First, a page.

Thursday after Ash Wednesday
Deuteronomy 30:15-20; Luke 9:22-25
In a “Faustian bargain” one sells his or her eternal soul to the devil in exchange for temporal goods. The term originates from a legendary man who bargained with the devil for unlimited knowledge and possessions. Unfortunately, many people forfeit their souls at a much lesser price. The readings today exhort us to avoid all such arrangements.
Moses is speaking to the people just before they enter the Promised Land. He says that God will give them “life,” i.e., prosperity for them and their descendants. They only have to keep to His ways. In the gospel Jesus offers an even greater life. His followers can secure an eternal reward by focusing on him rather than their own needs. They are to live without complaints doing only good for others.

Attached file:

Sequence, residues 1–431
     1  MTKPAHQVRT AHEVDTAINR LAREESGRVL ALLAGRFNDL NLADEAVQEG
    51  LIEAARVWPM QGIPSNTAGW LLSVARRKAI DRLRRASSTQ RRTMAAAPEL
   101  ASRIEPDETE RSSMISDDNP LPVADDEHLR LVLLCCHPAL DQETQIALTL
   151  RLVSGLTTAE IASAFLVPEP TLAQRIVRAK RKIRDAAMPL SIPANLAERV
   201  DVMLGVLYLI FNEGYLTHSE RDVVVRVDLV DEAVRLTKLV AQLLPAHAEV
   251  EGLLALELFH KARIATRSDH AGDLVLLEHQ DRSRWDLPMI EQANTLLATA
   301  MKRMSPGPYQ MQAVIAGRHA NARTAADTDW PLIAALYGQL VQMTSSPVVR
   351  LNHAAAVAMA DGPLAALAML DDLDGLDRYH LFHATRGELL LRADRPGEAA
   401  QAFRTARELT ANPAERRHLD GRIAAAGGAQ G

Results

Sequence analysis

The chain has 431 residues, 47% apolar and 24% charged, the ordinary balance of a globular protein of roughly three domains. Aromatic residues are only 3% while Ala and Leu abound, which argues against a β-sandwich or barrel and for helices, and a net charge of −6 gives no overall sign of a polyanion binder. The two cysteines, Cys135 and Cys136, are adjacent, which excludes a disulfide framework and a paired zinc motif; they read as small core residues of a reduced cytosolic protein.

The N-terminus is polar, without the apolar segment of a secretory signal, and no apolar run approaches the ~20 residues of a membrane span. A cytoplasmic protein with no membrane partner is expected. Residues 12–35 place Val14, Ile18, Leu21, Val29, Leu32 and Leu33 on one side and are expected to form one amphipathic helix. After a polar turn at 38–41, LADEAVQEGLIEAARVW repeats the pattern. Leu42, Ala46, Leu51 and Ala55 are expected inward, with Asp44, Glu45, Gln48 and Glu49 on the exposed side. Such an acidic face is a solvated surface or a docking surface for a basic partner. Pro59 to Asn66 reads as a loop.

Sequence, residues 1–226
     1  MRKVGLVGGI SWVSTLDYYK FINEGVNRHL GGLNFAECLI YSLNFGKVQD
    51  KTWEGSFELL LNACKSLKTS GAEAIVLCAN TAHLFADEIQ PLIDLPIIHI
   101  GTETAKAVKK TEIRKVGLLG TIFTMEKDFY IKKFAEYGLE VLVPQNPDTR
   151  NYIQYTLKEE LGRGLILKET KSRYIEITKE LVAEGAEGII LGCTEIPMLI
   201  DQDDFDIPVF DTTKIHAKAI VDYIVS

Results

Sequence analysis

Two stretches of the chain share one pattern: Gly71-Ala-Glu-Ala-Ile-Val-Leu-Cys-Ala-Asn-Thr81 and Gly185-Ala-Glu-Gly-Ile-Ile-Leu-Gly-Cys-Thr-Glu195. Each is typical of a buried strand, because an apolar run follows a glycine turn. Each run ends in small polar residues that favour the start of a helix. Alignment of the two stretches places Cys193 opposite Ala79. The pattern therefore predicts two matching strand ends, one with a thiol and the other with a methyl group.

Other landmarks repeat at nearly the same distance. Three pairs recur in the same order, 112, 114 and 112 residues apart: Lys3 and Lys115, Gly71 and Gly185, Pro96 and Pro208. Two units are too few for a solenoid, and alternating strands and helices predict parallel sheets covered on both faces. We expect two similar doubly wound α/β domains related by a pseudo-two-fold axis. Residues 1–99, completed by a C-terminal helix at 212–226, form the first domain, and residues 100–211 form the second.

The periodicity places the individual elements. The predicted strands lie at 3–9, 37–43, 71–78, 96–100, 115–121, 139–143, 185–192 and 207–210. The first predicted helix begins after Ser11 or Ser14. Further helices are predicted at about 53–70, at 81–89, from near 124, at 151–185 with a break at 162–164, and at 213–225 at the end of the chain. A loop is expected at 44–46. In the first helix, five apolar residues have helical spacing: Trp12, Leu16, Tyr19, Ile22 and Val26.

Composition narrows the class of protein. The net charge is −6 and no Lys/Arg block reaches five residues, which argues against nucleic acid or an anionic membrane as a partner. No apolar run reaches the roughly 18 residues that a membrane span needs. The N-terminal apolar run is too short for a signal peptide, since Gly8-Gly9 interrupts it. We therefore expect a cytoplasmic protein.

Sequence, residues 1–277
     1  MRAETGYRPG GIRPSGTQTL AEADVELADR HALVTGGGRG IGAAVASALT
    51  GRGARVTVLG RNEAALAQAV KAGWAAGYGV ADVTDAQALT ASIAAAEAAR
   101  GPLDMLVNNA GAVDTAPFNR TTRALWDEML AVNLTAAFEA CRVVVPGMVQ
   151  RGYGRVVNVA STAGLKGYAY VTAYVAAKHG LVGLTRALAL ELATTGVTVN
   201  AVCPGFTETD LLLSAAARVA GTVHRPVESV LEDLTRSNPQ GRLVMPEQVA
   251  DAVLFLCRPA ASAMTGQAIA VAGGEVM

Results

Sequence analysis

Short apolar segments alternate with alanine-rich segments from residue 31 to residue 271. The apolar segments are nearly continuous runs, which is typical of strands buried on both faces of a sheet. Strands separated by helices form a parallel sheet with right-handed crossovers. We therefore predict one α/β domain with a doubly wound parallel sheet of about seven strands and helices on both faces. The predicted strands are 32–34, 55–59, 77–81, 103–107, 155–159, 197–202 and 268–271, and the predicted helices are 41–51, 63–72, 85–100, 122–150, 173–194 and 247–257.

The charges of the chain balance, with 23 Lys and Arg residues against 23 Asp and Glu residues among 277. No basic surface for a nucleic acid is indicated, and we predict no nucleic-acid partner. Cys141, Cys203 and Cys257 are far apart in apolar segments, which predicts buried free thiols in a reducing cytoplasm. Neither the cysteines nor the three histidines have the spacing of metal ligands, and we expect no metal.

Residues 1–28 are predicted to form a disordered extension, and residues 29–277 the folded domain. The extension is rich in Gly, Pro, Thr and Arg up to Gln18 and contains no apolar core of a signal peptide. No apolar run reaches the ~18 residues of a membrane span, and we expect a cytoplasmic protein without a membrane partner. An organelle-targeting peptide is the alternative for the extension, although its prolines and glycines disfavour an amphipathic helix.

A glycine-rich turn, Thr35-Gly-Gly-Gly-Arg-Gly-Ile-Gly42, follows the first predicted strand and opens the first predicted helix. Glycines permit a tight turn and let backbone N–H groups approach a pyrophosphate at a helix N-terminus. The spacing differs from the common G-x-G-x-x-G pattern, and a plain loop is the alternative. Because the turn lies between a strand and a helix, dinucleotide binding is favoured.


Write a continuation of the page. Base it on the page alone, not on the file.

The whole purpose of Lent is to reinforce the habits of self-denying love in order to have fullness of life. Like any exercise worth our while, it takes effort. But we share the experience with one another in the Church and also with Christ. The burden becomes, paradoxically, a joy in such good company.